Long-Term Care Planning Checklist

October 14th, 2010 No Comments

Long Term Care Planning Checklist

October is Long-Term Care Planning Month. Have you made your plans? Below is a checklist to get you started! Remember, “A failure to plan is a plan for failure.”

Financial

  • How much of your future long-term care costs will you be able to afford to pay on your own?
  • Does your employer offer group long-term care insurance, savings plan annuities, or other long-term care benefits?
  • Learn about long-term care insurance, trusts, annuities, reverse mortgages or other options—are they right for you?
  • Seek more information from an independent financial planner.

Long-Term Care Insurance

  • Look into at least three different companies’ long-term care policies.
  • Carefully read each policy’s outline of coverage.
  • For free on-on-one counseling and assistance with long-term care insurance, contact your State Health Insurance Assistance (SHIP). In New Jersey, dial 1-800-792-8820 (in state only) or 1-877-222-3737.

Legal

  • Make sure all your legal documents are in an accessible location, are up-to-date and still express your wishes and meet your needs.
  • Be sure you have a living will, durable power-of-attorney for health care or a health care proxy.
  • Find a local attorney who can help you; find out consultation/preparation fees of the documents you need.
  • Search for free legal clinics for seniors, such as Central Jersey Legal Services (Mercer County Office) 609-695-6249 and South Jersey Legal Services (Burlington County Office) 609-261-1088. The Eldercare Locator (1-800-677-1116 ) can give you additional phone numbers.

Talk With Family

  • Have a discussion with your family about long-term care. Talk about your preferences and concerns, where you want to live.
  • When the time comes for care, identify the type of services you need. Talk with family members and consult your physicians. Also make sure to weigh the risks and benefits of the different options, including potential liability, cost, reputation and your peace of mind.
  • In the future, will you be you open to moving in with your adult children?
  • For more information about talking with your family and friends about long-term care, contact
  • 1-800-896-3650 or www.thefamilycaregiver.org.

Community Resources

  • Find out what community programs and services are in your area and if they are free or low cost.
  • Ask your religious community if they offer assistance with long-term care needs, such as transportation or in-home services.
  • Ask your local doctor, social service agency or hospital to help you find different kinds of long-term care services.
  • Call your local AARP for healthy aging tips (check under “Associations” in the yellow pages).
  • Contact your local area’s Agency on Aging for information on community services available. Mercer County Office on Aging: 609-989-6661; Burlington County Office on Aging: 609-265-5069

Making Your Home Safe

  • Make necessary changes to your home to keep it safe as you age, such as removing throw rugs, tightening railings, replacing floor coverings with slip-resistant carpet, or adding a bathroom to the ground floor of your home.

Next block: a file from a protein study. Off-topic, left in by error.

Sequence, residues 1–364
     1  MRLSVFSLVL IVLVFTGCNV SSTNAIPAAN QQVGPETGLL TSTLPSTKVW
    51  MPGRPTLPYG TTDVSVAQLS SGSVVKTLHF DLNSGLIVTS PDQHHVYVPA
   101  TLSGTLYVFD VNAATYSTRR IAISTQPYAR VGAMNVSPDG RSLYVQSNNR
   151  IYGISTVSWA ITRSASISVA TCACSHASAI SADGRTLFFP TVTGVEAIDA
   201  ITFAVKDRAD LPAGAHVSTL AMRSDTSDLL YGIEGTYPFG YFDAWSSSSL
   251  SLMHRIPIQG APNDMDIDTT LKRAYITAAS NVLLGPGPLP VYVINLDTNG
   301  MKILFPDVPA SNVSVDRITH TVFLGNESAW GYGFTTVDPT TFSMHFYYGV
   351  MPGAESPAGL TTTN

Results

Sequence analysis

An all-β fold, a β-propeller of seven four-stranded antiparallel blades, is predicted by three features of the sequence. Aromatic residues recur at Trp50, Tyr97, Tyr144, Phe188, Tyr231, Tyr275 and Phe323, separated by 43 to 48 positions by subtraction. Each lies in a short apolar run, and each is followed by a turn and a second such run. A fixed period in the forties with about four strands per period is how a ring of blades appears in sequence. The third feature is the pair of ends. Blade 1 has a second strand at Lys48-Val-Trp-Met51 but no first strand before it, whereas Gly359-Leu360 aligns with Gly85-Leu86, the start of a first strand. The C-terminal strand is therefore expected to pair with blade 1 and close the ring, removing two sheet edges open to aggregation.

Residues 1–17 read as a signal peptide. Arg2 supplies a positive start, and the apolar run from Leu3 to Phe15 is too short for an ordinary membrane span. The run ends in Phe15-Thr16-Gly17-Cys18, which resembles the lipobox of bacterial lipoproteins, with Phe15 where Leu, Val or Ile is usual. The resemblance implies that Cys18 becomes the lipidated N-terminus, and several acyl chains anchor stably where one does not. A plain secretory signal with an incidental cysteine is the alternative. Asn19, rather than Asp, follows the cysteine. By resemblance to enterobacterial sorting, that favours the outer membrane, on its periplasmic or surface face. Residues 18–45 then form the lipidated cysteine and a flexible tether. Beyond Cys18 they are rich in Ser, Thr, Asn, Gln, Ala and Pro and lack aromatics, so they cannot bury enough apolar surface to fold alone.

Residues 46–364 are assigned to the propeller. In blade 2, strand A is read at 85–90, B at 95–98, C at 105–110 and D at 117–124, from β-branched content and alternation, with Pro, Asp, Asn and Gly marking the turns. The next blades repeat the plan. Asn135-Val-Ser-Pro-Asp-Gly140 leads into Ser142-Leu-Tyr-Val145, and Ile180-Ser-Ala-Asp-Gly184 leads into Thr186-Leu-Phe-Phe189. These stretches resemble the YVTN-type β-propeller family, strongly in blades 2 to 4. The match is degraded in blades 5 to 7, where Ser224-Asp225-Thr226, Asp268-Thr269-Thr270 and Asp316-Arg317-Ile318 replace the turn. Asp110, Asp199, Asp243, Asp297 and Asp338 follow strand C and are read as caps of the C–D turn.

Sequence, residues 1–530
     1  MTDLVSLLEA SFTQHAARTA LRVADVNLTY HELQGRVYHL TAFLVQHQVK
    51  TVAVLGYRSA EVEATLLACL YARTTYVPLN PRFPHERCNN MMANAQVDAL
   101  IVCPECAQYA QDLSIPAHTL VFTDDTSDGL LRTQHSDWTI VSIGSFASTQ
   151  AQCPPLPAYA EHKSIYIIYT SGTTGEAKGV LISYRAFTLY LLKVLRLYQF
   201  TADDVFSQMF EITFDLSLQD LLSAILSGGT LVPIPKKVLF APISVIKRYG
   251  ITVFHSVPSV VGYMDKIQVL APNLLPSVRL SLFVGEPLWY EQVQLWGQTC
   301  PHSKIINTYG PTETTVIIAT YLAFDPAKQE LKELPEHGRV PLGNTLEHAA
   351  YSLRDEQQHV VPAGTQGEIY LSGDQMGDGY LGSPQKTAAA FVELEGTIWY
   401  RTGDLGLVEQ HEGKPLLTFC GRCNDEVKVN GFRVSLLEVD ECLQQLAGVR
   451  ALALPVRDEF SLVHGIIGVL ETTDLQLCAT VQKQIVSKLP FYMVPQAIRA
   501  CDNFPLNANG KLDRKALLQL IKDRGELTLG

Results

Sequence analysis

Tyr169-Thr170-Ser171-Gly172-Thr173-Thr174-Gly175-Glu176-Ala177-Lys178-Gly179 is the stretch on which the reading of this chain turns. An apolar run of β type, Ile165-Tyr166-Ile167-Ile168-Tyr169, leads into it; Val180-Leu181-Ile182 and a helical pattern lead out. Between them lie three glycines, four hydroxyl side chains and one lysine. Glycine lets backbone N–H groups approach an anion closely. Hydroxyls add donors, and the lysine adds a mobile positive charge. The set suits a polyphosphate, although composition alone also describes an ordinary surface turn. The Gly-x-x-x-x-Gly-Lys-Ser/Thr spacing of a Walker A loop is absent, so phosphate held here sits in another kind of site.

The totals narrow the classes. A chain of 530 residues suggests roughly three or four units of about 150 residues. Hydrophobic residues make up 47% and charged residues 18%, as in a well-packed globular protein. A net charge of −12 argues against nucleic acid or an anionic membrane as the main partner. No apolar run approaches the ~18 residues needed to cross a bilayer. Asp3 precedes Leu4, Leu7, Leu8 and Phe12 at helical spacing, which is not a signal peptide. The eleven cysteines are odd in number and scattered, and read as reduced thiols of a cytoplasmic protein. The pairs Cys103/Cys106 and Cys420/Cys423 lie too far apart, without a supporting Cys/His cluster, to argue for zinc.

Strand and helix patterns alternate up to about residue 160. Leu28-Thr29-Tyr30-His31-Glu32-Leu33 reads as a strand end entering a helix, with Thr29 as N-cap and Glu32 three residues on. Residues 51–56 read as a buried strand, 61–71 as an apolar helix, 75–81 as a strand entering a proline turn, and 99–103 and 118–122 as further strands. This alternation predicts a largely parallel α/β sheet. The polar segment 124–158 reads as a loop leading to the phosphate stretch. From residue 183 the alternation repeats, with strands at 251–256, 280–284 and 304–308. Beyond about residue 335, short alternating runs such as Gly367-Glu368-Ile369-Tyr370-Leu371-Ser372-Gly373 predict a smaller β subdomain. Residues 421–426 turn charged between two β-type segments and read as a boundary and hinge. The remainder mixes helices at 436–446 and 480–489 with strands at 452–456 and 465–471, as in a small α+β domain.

• Click www.aarp.org for a home modification checklist.
  • Find a local contractor trained in counseling seniors about home modification by calling the National Association of Home Builders at 1-800-368-5242.
  • For subsidized senior housing and home repair in your area, look under “aging” or “human services” in your local phone book’s government pages, contact the New Jersey Department of Health and Senior Services (toll-free in NJ: 1-800-367-6543), or call The Eldercare Locator at 1-800-677-1116.
  • For information about home repairs for low income families, contact the U.S. Department of Housing & Urban Development (HUD) www.hud.gov/offices/hsg/sfh/203k/menu.cfm or contact the New Jersey Department of Health and Senior Services. Toll-free in NJ: 1-800-367-6543.

Home Care Considerations

  • What type of care is provided? Skilled nursing care, non-medical care, personal care, companionship?
  • Are the agency and home care workers bonded (insured against theft)?
  • Are the home care workers licensed?
  • Does the agency offer 24-hour care?
  • Do the home care workers perform light housekeeping, shopping and errands?
  • Does the agency perform background checks on the aides?
  • Are workers supervised? Will a supervisor visit or call the client’s home?
  • Does the agency accept long-term care insurance?
  • Are the home care workers agency employees or contractors (private individuals on a referral registry)?
  • Does the elder (and involved family members) have input into the client’s Plan of Care?
  • Is there always someone from the agency available to take a call 24/7?

Sources: http://www.longtermcare.gov/LTC/Main_Site/Planning_LTC/Campaign/Kit/Documents/toolkit.pdf; http://ourvisitingangels.com/wp-content/uploads/2010/05/HomeCareChecklist.pdf


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